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The purpose of rehabilitation is to restore some or all of a person's physical and mental capabilities that have been lost as a result of disease, injury, or illness and to help achieve the highest possible level of function, independence, and quality of life. The techniques and modalities used to achieve these goals are numerous and typically do not differ for younger versus older persons. However, rehabilitation outcomes and approaches are frequently different for the older adult. For example, most young adults experience a single acute event that results in disability. Older adults are more likely to have multiple comorbid conditions that, over time, result in disability. Even if the older persons have acute events, like a hip fracture or a stroke, their underlying comorbid conditions may impact on the outcomes of rehabilitation. Older patients may also have subclinical physical or cognitive comorbidities, which become evident when challenged by a new disability. For example, mild cognitive impairment may be first recognized during rehabilitation after a hip fracture, when the patient has difficulty learning how to use a new assistive device.

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Goals of rehabilitation for older adults usually focus on recovery of self-care ability and mobility, while for younger persons reentering the work force or returning to school may be the goal. In general, recovery for older adults requires a longer period of time to achieve, and functional outcomes are usually worse when compared with younger adults. It is important to discuss rehabilitation goals with all patients and focus therapy toward achieving those goals. For example, older persons may have been avid golfers or fishermen, and return to this activity may be important for their quality of life. Rehabilitation efforts and goals of care may also be impacted by a person's values and beliefs about exercise and social roles. For example, if a patient has never cooked and does not believe that this is an important task to learn, taking the patient to the kitchen to learn how to prepare a meal may be viewed as a useless task. Participation by the patient and family in the development of the goals of rehabilitation is critical to achieve a successful outcome.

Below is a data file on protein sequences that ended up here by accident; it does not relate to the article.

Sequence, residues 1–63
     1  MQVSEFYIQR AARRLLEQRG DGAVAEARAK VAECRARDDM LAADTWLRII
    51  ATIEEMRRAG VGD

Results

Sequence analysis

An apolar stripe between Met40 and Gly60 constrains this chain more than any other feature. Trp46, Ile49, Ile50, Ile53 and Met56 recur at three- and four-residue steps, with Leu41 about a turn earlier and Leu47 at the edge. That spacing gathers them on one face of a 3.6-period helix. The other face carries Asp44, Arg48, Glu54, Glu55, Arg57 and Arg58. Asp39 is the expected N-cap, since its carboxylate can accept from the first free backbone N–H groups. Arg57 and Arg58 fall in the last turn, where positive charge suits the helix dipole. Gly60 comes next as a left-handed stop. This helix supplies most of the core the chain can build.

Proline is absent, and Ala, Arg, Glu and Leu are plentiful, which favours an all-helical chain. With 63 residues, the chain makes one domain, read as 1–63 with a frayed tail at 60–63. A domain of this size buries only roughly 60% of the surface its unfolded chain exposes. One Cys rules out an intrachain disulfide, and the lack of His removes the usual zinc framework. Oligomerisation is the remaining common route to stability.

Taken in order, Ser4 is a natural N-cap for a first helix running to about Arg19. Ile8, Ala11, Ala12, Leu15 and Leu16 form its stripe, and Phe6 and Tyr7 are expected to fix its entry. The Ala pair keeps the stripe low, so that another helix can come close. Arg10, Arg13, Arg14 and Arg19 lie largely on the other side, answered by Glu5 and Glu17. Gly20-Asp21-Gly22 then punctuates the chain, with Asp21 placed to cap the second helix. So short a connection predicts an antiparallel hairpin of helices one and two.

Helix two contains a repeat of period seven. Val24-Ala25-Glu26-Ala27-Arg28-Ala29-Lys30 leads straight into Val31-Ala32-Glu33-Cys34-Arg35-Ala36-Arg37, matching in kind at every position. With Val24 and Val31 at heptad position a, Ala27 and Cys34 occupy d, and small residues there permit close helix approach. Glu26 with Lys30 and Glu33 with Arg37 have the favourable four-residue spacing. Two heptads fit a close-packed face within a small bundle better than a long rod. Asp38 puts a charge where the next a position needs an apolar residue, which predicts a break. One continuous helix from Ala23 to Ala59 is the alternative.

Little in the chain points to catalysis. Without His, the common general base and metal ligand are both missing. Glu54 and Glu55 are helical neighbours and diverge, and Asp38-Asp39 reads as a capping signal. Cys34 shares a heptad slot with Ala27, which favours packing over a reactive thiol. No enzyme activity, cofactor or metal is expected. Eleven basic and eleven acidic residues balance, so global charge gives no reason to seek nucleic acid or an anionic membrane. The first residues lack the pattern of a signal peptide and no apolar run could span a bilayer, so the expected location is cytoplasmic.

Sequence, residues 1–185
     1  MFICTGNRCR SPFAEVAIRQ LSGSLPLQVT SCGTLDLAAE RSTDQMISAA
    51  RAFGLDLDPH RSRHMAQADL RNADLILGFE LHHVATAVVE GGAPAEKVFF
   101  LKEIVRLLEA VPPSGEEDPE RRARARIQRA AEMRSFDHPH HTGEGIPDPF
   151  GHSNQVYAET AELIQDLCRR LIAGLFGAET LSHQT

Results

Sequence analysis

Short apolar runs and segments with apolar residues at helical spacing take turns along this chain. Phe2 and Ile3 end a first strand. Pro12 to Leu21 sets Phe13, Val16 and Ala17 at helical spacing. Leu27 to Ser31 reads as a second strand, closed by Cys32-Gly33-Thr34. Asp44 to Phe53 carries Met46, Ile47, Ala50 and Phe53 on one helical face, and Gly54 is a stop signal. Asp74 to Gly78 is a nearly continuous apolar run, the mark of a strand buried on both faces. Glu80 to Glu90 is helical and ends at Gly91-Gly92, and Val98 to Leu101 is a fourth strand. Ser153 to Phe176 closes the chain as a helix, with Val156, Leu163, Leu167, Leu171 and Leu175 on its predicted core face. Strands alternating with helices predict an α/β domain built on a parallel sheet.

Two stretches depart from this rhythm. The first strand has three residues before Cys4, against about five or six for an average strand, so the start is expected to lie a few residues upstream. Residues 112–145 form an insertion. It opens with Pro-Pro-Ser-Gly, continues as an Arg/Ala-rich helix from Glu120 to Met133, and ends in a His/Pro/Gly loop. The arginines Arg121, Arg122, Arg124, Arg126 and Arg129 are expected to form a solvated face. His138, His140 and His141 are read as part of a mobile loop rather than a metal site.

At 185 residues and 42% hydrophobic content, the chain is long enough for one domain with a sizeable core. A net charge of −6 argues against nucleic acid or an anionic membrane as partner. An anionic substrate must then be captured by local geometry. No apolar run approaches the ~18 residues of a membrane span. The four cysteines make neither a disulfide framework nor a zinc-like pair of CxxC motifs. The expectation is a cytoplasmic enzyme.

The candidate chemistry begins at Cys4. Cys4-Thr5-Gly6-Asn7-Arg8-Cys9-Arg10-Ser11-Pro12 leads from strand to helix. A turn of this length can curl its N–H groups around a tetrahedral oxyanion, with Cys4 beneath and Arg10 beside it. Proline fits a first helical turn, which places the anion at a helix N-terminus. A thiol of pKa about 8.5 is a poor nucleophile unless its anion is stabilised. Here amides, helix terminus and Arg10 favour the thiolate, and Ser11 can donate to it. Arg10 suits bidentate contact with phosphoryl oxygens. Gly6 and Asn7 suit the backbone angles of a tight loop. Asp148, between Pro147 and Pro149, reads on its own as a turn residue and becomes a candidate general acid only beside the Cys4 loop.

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Disability is common in older persons and can have a significant impact on function and quality of life. In order to better understand the process of disablement, a variety of theoretical models have been explored and are presented below.

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History of the Disability Framework

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In an attempt to provide a framework for the discussion of the consequences of disease and injury, Nagi developed the first disablement model in the 1960s (Figure 29-1). The model uses four related yet distinct phenomena considered by Nagi to be the basis of rehabilitation and include active pathology, impairment, functional limitation, and disability. Active pathology was described as a disruption in the normal cellular function and the body's efforts to regain a normal state. Impairment, which usually results ...

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